Today’s edition of our Current Affairs will comprise a discussion on Lord Curzon and the Partition of Bengal. Read further to upgrade your UPSC CSE knowledge and also understand the topic’s relevance to the UPSC syllabus.
For Prelims: Viceroy, Lord Curzon, Partition of Bengal, Swadeshi and Boycott
For Mains: Freedom Struggle of India, Partition of Bengal. Nationalist Movements Context
Recently, Bardhaman municipality in West Bengal has decided to erect a statue of Bardhaman’s Maharaja Bijay Chand Mahatab and his wife Radharani in front of the 119-year-old Curzon Gate.
Critically analyze the role of Lord Curzon in Administration of British India.
About Lord Curzon
George Nathaniel Curzon, born in 1859, was a British conservative politician and a staunch imperialist. He served as Viceroy of India from 1899 to 1905. His Contributions
Established a separate police service, Established the Archaeological Survey of India, in order to study and protect historical monuments. Curzon earned some praise from his colonial subjects, for taking action against Europeans in a number of high-profile racist attacks against Indians. He sent a British expedition to Tibet Why was he disliked?
He sought to throttle the growing aspirations of the educated Indian middle class. He passed many unpopular legislations: The Calcutta Municipal Amendment Act,1899 which reduced the number of elected representatives in the Calcutta Corporation. The Indian Universities Act (1904), that placed Calcutta University under government control. The Indian Official Secrets Amendment Act (1904) that reduced the freedom of the press. In July 1905, Curzon announced the partition of Bengal into two provinces; East Bengal and Assam, with a population of 38 million, was predominately Muslim; Bengal, the western province, was reduced to 55 million people, primarily Hindus.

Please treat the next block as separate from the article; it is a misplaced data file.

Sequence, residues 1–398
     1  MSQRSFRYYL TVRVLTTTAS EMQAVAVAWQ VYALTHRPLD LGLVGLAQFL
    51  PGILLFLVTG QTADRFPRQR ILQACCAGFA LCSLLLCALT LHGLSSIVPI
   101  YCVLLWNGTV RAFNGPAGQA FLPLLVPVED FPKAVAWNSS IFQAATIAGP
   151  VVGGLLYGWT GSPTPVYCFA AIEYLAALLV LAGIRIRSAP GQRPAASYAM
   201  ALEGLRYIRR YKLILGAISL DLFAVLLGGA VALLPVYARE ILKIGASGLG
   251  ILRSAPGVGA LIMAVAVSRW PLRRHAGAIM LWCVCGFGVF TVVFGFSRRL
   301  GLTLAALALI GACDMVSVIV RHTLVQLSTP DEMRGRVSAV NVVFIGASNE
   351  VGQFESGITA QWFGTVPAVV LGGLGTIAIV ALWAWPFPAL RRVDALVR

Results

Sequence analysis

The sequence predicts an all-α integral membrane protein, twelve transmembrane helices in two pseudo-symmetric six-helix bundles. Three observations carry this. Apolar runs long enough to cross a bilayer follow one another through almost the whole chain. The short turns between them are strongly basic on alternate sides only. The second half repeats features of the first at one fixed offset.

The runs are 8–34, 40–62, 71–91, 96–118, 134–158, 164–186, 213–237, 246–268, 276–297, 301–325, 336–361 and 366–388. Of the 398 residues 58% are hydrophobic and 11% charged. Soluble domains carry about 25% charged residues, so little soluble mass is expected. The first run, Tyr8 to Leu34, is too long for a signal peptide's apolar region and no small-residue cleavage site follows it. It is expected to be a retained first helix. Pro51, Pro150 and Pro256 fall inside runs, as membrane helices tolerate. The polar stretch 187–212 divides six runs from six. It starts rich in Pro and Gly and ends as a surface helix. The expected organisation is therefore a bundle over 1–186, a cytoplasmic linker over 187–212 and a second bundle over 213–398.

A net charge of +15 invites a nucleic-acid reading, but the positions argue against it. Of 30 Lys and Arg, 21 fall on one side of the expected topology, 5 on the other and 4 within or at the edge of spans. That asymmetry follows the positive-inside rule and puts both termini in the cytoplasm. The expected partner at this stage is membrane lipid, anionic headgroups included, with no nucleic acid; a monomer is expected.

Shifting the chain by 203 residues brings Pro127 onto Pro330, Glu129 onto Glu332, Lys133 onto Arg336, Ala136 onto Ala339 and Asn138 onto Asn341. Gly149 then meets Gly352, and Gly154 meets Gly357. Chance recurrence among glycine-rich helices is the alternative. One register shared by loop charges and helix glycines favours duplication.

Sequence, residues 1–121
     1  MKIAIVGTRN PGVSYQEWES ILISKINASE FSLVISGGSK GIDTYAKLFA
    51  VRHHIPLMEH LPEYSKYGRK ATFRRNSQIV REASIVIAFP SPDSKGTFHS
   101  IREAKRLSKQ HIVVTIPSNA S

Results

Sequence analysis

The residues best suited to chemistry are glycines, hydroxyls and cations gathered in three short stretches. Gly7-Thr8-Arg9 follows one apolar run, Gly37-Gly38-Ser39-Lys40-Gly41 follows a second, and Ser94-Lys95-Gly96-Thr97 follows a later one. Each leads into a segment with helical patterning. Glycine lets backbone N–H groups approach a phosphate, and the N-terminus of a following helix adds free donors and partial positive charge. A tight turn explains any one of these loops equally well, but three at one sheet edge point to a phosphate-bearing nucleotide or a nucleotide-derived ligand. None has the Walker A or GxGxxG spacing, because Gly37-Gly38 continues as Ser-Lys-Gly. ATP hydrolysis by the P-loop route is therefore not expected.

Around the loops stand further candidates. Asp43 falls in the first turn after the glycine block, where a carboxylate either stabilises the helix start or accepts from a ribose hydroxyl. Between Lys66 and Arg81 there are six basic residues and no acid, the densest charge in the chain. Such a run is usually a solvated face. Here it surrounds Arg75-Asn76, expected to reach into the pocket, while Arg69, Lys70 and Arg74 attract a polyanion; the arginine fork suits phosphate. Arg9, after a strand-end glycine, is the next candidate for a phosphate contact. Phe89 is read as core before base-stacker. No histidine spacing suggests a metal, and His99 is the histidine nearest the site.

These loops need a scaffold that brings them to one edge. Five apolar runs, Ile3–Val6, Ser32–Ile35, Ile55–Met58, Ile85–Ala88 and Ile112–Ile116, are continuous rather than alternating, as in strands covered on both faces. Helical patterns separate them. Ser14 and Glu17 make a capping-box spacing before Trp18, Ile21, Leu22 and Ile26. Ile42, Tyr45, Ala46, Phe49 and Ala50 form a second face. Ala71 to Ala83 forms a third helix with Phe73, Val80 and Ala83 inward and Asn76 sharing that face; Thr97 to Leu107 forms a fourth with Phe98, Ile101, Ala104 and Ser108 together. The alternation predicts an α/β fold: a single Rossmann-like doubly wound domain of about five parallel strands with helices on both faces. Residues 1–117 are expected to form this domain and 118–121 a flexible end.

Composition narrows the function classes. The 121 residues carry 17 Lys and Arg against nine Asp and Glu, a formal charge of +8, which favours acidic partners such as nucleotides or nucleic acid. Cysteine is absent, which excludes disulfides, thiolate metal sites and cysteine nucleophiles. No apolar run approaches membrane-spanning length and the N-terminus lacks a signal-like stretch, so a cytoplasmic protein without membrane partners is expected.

Read yesterday’s edition of current affairs on
Flash Floods , in case you missed reading it. Why did the Partition of Bengal Take Place?
For the British, Bengal was too large to efficiently manage and administer. Calcutta, the capital of the British Raj, and Bengal Presidency, was the nerve center of the educated nationalists. Concentration of two different religious populations gave an opportunity to break the unity by dividing bengal between Hindu and Muslim majority regions. What were the Consequences of the Partition?
The nationalist leaders opposed and protested the partition vehemently. The nationalist leaders organized a campaign of boycott of British goods and institutions, and encouraged the use of local products. A formal resolution was passed in Calcutta in August 1905, to launch the Swadeshi movement. Students were at the forefront of the movement. The Swadeshi movement and boycott soon spread to other parts of the country, including Punjab, Maharashtra, and parts of the Madras Presidency. Revolutionary groups used bombs, attempted to assassinate colonial officials, and engaged in armed robberies to finance their activities. In 1905, Curzon resigned and returned to England after losing a power struggle with the commander-in-chief of the British Army, Lord Kitchener. The protests continued after his exit, and the colonial government in 1911 announced the reunification of Bengal, and the capital of the Raj was shifted from Calcutta to Delhi.
News source: Indian Express
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